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Room: A Novel by Emma Donoghue

Room: A Novel (original 2010; edition 2010)

by Emma Donoghue

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9,257789323 (4.05)1 / 873
Title:Room: A Novel
Authors:Emma Donoghue
Info:Little, Brown and Company (2010), Edition: First Edition, Hardcover, 336 pages
Collections:Your library
Tags:Fiction, Book Club

Work details

Room by Emma Donoghue (2010)

  1. 256
    The Curious Incident of the Dog in the Night-Time by Mark Haddon (Anonymous user, bookwormjules)
    bookwormjules: The authors both get inside the head of the young narrator wonderfully, and make it believable.
  2. 103
    We Need To Talk About Kevin by Lionel Shriver (Amsa1959)
    Amsa1959: The novel about Kevin is a much darker and sad story, but it it is about a special boy and his family, and it is a MUST READ novel. It is also - like Room - a novel that makes you think and reflect of our world and lives.
  3. 50
    A Stolen Life: A Memoir by Jaycee Dugard (mreader)
  4. 51
    Still Missing by Chevy Stevens (cafepithecus)
  5. 41
    Misery by Stephen King (albavirtual)
    albavirtual: ambos libros tienen un alto componenente psicológico, la mente humana llevada al extremo.
  6. 63
    Extremely Loud and Incredibly Close by Jonathan Safran Foer (Niecierpek)
    Niecierpek: We go through a serious and heart-breaking topic (9/11 in Foer's case) through a narration by a precocious child narrator in both books.
  7. 30
    The Boy in the Striped Pajamas by John Boyne (soffitta1)
    soffitta1: What connects the books, for me, is the way the story unfolds, with the reader being more clued in as to what is happening around the child at the centre.
  8. 20
    Me & Emma by Elizabeth Flock (amz310783)
  9. 20
    My Abandonment by Peter Rock (gaialover)
  10. 21
    Living Dead Girl by Elizabeth Scott (kaledrina)
  11. 11
    Dog Boy by Eva Hornung (PatMock)
    PatMock: Young boy raised by wild dogs in Moscow.
  12. 00
    What Ever Happened to Baby Jane? by Henry Farrell (akblanchard)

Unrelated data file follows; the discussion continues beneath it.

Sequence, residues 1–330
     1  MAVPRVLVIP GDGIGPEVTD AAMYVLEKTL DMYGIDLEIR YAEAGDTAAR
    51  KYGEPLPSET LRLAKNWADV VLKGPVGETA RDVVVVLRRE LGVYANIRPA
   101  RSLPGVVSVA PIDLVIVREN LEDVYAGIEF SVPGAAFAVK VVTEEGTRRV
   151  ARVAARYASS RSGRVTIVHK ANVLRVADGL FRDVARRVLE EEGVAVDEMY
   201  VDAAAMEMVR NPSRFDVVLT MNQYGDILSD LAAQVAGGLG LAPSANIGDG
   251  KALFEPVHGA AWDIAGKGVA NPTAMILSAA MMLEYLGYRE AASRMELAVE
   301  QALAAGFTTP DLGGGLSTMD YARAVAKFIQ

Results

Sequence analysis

akblanchard: The terror of being at the mercy of an irrational, evil captor is effectively depicted in both books.
  13. 00
    Descent by Tim Johnston (KatyBee)
  14. 00
    Y by Marjorie Celona (Iudita)
    Iudita: Another story about a troubled childhood, narrated by the child.
  15. 00
    Mice by Gordon Reece (wonderlake)
    wonderlake: Bad things happening to mothers and their children
  16. 00
    House of Stairs by William Sleator (_Zoe_)
  17. 11
    Monster Love by Carol Topolski (tina1969)
  18. 01
    The Mysterious Howling by Maryrose Wood (_Zoe_)
    _Zoe_: These books are completely different in style; The Mysterious Howling is a lighthearted children's book while Room is more serious and intended for adults. But if you enjoy the theme of a child with an unusual background being reintegrated into society, you may appreciate both of these books.… (more)

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English (761)  Dutch (10)  Spanish (5)  German (5)  Danish (2)  Finnish (2)  Swedish (2)  French (1)  All languages (788)
Showing 1-5 of 761 (next | show all)
Room is a harrowing story narrated by our Mr. Five, the superhero named Jack. The reader is brought into his world from the first and I was impressed by Donoghue's ability to walk the fine line of having a five year old as a narrator. Though narration by a child is not something everyone enjoys, I found that it added a very poignant layer to the story and drew me closer in to its events.